Joanna Lane in her book Mother of A Suicide: The Battle for the Truth Behind a Mental Health Cover Up, tells the story of her 31-year-old son’s death, her grief and her search for the reason behind his suicide. When she finds that a rarely diagnosed but far from rare condition probably lay behind his despair she tries to raise the alarm to save others. However, her unsuspecting attempts are met with obstruction after obstruction. Gradually she confronts the truth that the organisations set up to protect the public are not doing their job, and we are all at risk.
Accent welcomes Joanna to Accent Hub as she tells us how much difference it’s possible for an individual to make when they’re passionate about a cause.
Only nine weeks until my book comes out. I can’t settle to anything. I wander round the house looking out at the sunlit garden, trying to take stock of the past eight turbulent years, trying to see what, if anything, has changed.
The anniversary of our son’s suicide was last week, and this time of year is always hard. It must have been around now, when I first discovered that the reason for his death could have been an undiagnosed complication of a head injury he suffered when he was small, causing the impotence that he kept secret, and the depression that he hid too well.
This week would have been when I made my decision. Nobody else was warning people – even though the number of undiagnosed people in the UK has since been estimated at a million – so I would. It was the only way I could make anything good come out of his death.
So I simply started to write lots and lots of emails to everyone I could think of and reaching people in any way I could, through articles, talks, radio slots, forum postings and social media. This is what I spent the next eight years doing. I had no idea how much difference I was making, all I knew was that I had to keep going, that the guilt, grief and pain made it impossible for me to stop.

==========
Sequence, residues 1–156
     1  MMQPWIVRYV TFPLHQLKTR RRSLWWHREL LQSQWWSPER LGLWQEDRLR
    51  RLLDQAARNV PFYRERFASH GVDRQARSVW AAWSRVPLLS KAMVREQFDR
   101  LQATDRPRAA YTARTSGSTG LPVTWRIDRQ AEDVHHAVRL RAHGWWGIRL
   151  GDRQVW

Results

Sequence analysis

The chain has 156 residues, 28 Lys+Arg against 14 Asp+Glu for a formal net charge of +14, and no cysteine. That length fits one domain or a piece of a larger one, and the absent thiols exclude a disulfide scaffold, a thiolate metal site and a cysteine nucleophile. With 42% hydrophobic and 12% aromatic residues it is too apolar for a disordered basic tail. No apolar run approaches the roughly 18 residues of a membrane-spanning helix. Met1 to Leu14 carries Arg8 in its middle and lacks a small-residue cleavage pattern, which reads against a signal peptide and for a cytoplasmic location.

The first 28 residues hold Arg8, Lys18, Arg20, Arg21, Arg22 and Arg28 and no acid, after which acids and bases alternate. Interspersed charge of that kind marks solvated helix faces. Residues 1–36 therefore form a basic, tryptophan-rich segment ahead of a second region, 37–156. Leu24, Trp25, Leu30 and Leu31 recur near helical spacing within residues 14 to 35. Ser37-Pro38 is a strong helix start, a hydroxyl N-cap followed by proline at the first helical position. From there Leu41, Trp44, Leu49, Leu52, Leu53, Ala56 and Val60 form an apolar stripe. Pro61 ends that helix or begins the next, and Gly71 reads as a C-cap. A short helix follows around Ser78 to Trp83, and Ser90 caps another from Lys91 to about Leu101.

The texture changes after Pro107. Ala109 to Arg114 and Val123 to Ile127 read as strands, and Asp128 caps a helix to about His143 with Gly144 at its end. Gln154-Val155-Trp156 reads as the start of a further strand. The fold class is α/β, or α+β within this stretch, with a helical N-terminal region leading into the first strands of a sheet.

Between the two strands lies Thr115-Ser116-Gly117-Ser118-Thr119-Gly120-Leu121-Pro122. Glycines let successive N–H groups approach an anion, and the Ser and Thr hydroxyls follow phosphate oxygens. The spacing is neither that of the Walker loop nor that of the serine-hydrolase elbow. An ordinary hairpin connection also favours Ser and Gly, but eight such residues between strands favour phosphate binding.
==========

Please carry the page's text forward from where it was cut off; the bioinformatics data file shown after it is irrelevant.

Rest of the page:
Reflecting back on the past couple of years, I do know that there has been a difference. The annual number of people diagnosed with hypopituitarism has risen. In 2008 only 6,916 people in total were diagnosed as in-patients, whereas, in 2015 there were 13,677 cases, nearly double. (The outpatient figures are even more encouraging – from 155 to 748 – though apparently this data is less reliable) Another important change is that the British Neurosurgeons Trauma Group has drafted guidelines for screening for post-traumatic hypopituitarism, which I believe are now being put into effect.
Is any of this because of me? I would like to think so, but I don’t know for sure. Neurosurgeons have told me I was contributory in prompting the screening guidelines. Equally, PTHP research has been snowballing every year, and this could explain why more people are being diagnosed. Whatever the truth, this progress is decidedly better than that proverbial kick in the teeth.
If I can claim I had any part in this, it makes me think about how we all have the power to make a difference. There are so many people, often women, who self-limit. They actually prevent themselves from achieving anything by telling themselves that they shouldn’t put themselves forward, that they’ll fail anyway, that they don’t deserve to succeed. I have fallen all my life into this category.
But our son’s death brutally by-passed all that, because if I didn’t ‘put myself forward’ I was making myself complicit in the illness and perhaps death of all those like Chris. I had to do what I could, however inadequate.
So I just got on with it, not at all efficiently, but on the other hand, never giving up. I didn’t let being hopeless and shy on the phone, or naïve about how organisations worked, stand in my way. I was sustained by a gradual realisation that others were on my side, that they forgave me my blunders.
It was probably after two or three years that I began to feel that the big boulder was shifting, and that when I spoke to people some of them already knew what I was telling them. This encouraged me. I also had the advantage that what I did was incremental. You couldn’t lose. Each new person you told was a new person told, who might tell others, so you could never say you’d failed, except in the sense that you hadn’t told enough people quickly enough (but that would be no reason for stopping). It was like being stuck in traffic when the satnav puts your arrival time further and further ahead, but the number of miles still keeps going down, however slowly.
And now, my book. Will it achieve lift-off? Will it soar above the traffic jams and reach all the people who need to know? Fingers crossed . . .But at least I have learnt now, not to self-limit.
You can pre-order Joanna’s book here!